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I have an ellipse represented by a positive definite symmetric matrix, $E$. My goal is to plot this ellipsoid, $E$, by scaling and rotating a unit sphere.

I do not have access to the list of points constituting the mesh of the sphere. Therefore, simply transforming the individual points of the unit sphere mesh by multiplying them with the square root matrix, $\sqrt{E}$, is not a solution.

As such, here is my alternative process:

1.

I started by computing the eigenvalues $e$ and right eigenvectors $x$ of $E$.
I am using NumPy, so I used numpy.linalg.eig for the job:

e, x = np.linalg.eig(E)

Given $e$, I can get the radii of the ellipsoid with:

r = np.sqrt(e)

The eigenvectors $x$ are unit vectors in the principal semi-axes directions and can be scaled by the radii $r$ to yield radius vectors that can be plotted:

  • x[:, 0] (red)
  • x[:, 1] (green)
  • x[:, 2] (blue)

01-semi-axes

Because the unit eigenvectors $x$ seem to flip at some point, I decided to elongate them in each corresponding negative direction in order to get a better visualisation:

02-axes

These are effectively the principal axes of the ellipsoid (I like to think of them as the "skeleton" of $E$). And, for what's worth, they are correct. They display a continuous motion of what I expect to be the correct representation of what I am trying to plot.

Important note
OK, something that by now already seemed a little bit off was the order of the plotted axes. You see, my world frame axes look like this:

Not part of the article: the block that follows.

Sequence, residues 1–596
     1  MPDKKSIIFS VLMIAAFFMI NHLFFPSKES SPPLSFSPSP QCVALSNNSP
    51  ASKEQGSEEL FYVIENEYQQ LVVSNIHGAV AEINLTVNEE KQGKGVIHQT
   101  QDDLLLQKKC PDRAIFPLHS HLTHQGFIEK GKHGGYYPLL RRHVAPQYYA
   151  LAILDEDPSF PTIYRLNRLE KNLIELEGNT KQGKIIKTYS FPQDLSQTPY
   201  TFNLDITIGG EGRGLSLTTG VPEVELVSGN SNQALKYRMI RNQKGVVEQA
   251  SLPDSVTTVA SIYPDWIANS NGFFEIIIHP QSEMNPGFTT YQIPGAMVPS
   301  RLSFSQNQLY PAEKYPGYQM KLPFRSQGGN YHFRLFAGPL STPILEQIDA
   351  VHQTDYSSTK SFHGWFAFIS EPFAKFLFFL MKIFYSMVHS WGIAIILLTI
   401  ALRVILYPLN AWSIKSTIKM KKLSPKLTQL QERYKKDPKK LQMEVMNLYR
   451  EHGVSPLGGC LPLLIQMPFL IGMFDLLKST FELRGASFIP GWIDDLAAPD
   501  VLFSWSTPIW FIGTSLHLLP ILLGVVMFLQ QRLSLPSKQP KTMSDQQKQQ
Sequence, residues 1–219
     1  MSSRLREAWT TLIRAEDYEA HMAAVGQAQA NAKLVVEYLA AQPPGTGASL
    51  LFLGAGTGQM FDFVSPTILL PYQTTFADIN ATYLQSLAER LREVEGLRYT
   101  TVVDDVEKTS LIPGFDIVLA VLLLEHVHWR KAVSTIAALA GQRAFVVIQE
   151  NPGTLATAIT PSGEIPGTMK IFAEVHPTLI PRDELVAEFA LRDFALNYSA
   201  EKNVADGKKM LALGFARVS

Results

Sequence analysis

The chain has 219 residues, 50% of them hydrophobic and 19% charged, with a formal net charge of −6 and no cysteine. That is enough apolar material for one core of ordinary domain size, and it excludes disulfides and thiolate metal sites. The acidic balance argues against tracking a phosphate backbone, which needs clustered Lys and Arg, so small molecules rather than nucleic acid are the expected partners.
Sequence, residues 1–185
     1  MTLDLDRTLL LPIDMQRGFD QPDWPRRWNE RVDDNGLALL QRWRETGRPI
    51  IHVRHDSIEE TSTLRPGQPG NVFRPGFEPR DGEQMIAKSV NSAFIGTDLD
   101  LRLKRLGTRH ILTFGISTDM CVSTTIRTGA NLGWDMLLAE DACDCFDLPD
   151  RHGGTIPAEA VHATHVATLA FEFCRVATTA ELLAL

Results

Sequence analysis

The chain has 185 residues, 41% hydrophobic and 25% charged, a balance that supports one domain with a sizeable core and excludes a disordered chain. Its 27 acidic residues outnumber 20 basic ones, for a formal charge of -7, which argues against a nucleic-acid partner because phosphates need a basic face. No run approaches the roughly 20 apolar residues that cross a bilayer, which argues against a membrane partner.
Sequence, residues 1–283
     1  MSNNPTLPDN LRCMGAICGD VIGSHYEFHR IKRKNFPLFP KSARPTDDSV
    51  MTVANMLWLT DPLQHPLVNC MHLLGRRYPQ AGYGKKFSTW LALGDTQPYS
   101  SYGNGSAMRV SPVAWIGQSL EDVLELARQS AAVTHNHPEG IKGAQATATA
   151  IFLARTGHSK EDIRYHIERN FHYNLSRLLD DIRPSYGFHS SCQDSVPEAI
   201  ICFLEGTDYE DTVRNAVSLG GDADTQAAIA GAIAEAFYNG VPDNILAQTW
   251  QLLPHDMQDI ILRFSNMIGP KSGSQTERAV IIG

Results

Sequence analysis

world frame axes

But let's continue...

2.

Given $r$, I can scale my unit sphere in $x$, $y$, $z$ with r[0], r[1], and r[2], respectively.

Afterwards, I just need to rotate it to match the "skeleton", i.e., the principal axes. For that I need to use a quaternion (again, this is a constraint imposed by the tool I have available to plot the scaled sphere).

So, how do I get the quaternion? I just built a $3$x$3$ rotation matrix using the unit eigenvectors $x$:

rot_matrix = np.array([x[:, 0],
                       x[:, 1],
                       x[:, 2]])

...and then I am converting this rotation matrix into a quaternion using a library called KDL.

3.

Finally, now that I have the orientation in quaternion format, I can set the orientation for the scaled ellipsoid, and voilla!

Right? Not really... Here is what I get as a result:

03-ellipsoid

There is clearly some rotation going on, but it does not match the one of the principal axes... The axes and the ellipsoid should overlay perfectly and move as one single object.

And basically, this is where I am stuck at... Any help or suggestion would be more than welcome!

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Turns out I was indeed doing two things wrong!

1. Axes order
Like I suspected — and mentioned in the OP as an important note — the frame defined by the axes of unit eigenvectors $x$ was sometimes switching direction, and thus not respecting the right-hand rule and world frame convention.

To overcome this, I just reassigned the 3rd eigenvector as the cross product between the 1st and 2nd eigenvectors:

x[:, 2] = np.cross(x[:, 0], x[:, 1])

Since the eigenvectors $x$ returned by numpy.linalg.eig are already normalized (i.e., unit eigenvectors), there is no need to normalise the result of the cross product.

2. Rotation matrix
The second thing I was not doing properly was during the construction of the $3$x$3$ rotation matrix. I was missing a transpose operation.

To solve this I just changed the indexing of the eigenvectors $x$ to:

rot_matrix = np.array([x[0, :],
                       x[1, :],
                       x[2, :]])

Using numpy.transpose would have worked too.


Below is the correct expected final result:

final-result

Special thanks to Vladimir Ivan (a.k.a. "Slovak")!

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